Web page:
NCAA vs. Joe Nocera, Take 2

New York — A year ago, Joe Nocera walked into the IMG Intercollegiate Athletics Forum, an annual gathering of influential athletics leaders here, and passed through largely unnoticed. The New York Times columnist had just written a lengthy article for the Times Magazine on the need to pay college athletes, and he sensed he might have more to say.

Turns out, he had a lot more to say. Since last December, he has devoted more than a dozen of his twice-weekly columns to college-sports issues, many of them scathing takedowns of the NCAA. He is also working on a book about college sports and the association.

His latest column—which looks at the white hat he says the NCAA tries to wear in messy investigative situations, and concerns over its lack of disclosure in pursuit of justice—suggests the association could be the “next tobacco.”

In a session here, a moderator asked Mark Emmert what he thought of that accusation. Seemingly flustered, the NCAA’s president said he had not read the column.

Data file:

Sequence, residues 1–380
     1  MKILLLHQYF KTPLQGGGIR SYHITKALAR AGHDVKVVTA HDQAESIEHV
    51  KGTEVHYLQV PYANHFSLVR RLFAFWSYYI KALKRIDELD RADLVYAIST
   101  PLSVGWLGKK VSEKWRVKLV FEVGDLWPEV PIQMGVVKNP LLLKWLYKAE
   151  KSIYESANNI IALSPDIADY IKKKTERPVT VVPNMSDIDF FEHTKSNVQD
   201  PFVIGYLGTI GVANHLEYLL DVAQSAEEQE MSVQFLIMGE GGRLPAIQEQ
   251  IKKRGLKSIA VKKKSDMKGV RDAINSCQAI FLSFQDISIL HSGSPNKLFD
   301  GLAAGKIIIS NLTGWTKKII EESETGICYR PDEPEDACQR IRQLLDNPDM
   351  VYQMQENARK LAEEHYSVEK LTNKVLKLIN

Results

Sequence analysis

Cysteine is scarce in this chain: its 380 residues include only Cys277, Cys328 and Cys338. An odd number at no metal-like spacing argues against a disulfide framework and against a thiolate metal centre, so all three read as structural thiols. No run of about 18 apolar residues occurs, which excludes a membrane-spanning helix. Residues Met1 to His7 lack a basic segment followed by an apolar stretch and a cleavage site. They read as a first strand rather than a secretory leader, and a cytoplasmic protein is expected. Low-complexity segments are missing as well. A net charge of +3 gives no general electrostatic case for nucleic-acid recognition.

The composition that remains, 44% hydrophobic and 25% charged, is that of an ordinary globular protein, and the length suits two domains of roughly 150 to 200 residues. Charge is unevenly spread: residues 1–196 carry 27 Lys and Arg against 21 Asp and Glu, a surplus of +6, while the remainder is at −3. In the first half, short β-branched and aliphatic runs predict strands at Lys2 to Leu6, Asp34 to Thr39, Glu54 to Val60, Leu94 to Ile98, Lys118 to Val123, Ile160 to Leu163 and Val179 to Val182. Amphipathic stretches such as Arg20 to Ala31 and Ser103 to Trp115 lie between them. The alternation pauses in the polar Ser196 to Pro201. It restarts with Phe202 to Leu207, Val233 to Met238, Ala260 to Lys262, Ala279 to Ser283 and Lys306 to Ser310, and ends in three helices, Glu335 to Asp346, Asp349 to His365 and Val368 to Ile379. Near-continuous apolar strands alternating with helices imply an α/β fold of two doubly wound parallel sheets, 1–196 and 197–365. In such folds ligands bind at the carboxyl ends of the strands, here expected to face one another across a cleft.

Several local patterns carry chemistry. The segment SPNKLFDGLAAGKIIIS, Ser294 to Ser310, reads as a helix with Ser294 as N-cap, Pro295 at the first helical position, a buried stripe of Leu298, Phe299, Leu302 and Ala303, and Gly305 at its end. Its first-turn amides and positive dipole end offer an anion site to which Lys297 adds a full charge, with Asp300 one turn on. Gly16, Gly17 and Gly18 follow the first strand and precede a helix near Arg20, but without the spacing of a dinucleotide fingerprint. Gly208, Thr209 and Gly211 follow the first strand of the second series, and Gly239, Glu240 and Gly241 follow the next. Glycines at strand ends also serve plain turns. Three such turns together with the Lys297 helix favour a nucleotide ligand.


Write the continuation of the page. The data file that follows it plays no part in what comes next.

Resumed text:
“I know his views, and I don’t need to read his columns to know them,” he told the hundreds of people gathered here. “It’s just not a good use of time.”

Mr. Nocera, who was sitting a few seats away from me, kept tapping away at his laptop and didn’t look up. I caught up with him after the session, where he said he was busy mapping an outline and potential characters for his book.

Earlier this year, I wrote about some of his run-ins with the NCAA (he has also written about some of my work). At the time, I asked him how much longer he planned to keep writing about college sports. “As long as it takes,” he said.

On Wednesday he told me he planned to keep writing columns about perceived NCAA injustices while researching his book. But he doesn’t intend to give away everything in the newspaper. “I don’t want to blow my punch lines,” he told me. “Not that much.”

As we were walking away from the conference hall, a man stopped him near a coffee shop. “Are you the Times guy?” he said. “I’m a big fan.”

Later, after the man had left, Mr. Nocera said, “That doesn’t happen very often.”

The NCAA certainly hasn’t sent him any valentines. But as he stays on the beat, it makes you wonder if the two sides shouldn’t try to look each other in the eye more often.

Mr. Nocera said he had registered for the NCAA’s convention next month but was questioning whether it would be worth attending. He certainly wasn’t planning to use it to build good will with the association.

“They hate me,” he said. “But that’s fine.”

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